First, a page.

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Both franchises have said they want to keep as much cohesion as they can, something Polian finds wise.

“If your own players are quality and can help you win, then it is better off to pay them, I have always believed,” Polian says. “It’s better than what you can find in the market, and you know them better than you know a player from another team. It’s a player you know and believe in and who has no adjustment coming into your system. It is pretty seamless.”

Tailenders tend to not have those kind of players, though. They also often have tons of money available, exactly the case with Oakland, Cleveland and Jacksonville, all 4-12 in 2013. The Raiders have about $65 million on hand, the Jaguars have more than $59 million, and the Browns around $56 million.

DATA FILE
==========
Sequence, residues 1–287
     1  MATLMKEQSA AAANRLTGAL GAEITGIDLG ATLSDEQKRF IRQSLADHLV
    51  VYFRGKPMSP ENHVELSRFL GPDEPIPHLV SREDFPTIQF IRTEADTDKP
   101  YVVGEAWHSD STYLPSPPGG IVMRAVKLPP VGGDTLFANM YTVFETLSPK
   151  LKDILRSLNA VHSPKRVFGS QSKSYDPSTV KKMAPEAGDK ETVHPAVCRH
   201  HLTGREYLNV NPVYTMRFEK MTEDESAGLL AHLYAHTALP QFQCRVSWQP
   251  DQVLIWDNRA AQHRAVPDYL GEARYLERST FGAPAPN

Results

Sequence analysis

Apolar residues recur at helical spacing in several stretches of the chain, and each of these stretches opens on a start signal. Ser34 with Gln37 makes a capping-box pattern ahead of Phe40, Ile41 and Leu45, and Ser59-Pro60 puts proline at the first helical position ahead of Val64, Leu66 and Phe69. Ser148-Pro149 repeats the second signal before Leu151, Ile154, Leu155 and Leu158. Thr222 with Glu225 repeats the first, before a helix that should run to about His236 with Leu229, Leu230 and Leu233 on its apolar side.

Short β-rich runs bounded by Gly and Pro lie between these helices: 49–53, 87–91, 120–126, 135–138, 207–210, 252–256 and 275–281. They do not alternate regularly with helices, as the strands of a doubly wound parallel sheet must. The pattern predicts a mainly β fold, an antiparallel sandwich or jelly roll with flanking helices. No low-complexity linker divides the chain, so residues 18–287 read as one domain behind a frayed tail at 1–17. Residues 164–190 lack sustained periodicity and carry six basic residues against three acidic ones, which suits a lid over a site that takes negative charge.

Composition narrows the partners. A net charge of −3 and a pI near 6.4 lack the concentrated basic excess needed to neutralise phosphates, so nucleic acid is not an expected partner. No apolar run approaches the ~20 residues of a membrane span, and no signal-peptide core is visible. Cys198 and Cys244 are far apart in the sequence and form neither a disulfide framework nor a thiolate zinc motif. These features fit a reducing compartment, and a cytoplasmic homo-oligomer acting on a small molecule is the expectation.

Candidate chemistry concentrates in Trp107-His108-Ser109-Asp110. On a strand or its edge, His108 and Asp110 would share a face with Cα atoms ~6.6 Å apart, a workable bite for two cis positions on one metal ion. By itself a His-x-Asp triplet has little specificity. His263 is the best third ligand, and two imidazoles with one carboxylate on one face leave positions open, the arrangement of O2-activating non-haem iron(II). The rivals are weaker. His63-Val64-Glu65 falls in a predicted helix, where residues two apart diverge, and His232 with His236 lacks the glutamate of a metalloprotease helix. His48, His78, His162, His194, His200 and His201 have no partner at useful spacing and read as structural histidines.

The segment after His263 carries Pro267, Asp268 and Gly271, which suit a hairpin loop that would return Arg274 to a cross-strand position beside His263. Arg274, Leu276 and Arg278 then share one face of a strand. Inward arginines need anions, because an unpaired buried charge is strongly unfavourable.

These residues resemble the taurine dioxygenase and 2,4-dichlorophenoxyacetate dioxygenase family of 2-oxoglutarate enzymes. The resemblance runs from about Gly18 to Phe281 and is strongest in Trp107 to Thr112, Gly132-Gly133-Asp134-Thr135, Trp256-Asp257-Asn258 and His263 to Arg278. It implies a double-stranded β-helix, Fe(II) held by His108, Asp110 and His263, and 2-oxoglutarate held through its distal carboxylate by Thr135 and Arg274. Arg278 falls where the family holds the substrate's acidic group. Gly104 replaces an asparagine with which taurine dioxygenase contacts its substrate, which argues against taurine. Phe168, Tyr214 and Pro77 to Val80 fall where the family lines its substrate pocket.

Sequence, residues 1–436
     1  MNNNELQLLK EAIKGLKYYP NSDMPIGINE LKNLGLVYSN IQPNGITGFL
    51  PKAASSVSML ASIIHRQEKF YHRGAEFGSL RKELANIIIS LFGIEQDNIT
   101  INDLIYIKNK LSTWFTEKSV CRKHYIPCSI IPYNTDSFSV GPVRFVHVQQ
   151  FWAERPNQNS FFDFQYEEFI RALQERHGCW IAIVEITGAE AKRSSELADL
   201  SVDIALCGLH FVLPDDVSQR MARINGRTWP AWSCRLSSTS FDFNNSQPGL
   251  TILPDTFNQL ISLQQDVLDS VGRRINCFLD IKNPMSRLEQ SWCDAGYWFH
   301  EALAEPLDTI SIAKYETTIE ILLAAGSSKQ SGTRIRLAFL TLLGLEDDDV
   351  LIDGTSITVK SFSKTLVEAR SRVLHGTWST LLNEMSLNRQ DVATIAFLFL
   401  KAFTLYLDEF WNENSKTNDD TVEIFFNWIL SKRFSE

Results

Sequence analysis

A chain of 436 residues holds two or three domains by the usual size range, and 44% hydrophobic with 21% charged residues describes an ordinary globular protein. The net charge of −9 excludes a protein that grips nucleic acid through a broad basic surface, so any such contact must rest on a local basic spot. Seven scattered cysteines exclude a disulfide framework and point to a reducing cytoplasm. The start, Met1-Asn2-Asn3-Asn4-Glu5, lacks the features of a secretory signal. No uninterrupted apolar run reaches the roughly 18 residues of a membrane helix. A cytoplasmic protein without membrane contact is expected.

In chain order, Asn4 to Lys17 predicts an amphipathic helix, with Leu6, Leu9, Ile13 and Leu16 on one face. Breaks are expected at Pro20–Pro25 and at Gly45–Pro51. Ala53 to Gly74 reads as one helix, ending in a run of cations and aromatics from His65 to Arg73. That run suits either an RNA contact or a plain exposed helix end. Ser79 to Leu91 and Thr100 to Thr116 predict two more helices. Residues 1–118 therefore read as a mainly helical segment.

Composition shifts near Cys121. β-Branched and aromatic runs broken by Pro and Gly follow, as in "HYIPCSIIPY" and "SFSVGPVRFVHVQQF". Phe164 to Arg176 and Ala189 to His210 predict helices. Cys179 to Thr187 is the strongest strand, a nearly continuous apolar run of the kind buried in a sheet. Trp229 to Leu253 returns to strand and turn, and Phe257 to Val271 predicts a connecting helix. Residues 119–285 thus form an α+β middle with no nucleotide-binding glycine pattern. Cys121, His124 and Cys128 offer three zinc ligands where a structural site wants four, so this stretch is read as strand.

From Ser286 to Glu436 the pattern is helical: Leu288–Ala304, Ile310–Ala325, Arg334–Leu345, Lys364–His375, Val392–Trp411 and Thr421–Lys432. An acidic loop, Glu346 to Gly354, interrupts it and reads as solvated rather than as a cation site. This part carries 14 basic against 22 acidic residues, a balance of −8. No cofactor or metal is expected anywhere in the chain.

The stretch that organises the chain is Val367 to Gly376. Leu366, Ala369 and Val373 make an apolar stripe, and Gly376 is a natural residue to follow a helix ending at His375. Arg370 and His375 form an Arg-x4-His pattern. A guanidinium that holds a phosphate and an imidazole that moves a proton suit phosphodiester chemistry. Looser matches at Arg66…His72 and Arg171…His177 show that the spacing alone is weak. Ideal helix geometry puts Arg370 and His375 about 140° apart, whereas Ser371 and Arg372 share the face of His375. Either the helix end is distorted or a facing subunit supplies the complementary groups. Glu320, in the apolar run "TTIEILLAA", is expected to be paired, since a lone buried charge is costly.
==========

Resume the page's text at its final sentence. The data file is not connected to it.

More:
Such deep pockets guarantee absolutely nothing, of course.

“Whether you have a little money or a lot, the dangers are the same, it’s just a question of degree,” Polian says. “You don’t know the player as well as the player coming out in the draft, and certainly not as well as your player.

“Football is not a seamless transition. Systems change, people have a difficult time adjusting to begin with, and then if they have a system change or technique change it is even worse. It may take him a year to get adjusted, and that is a year you lost and paid big money for.

“That said, there are some holes you have to fill on your club.”

Let the bidding binges begin.

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AP NFL website: www.pro32.ap.org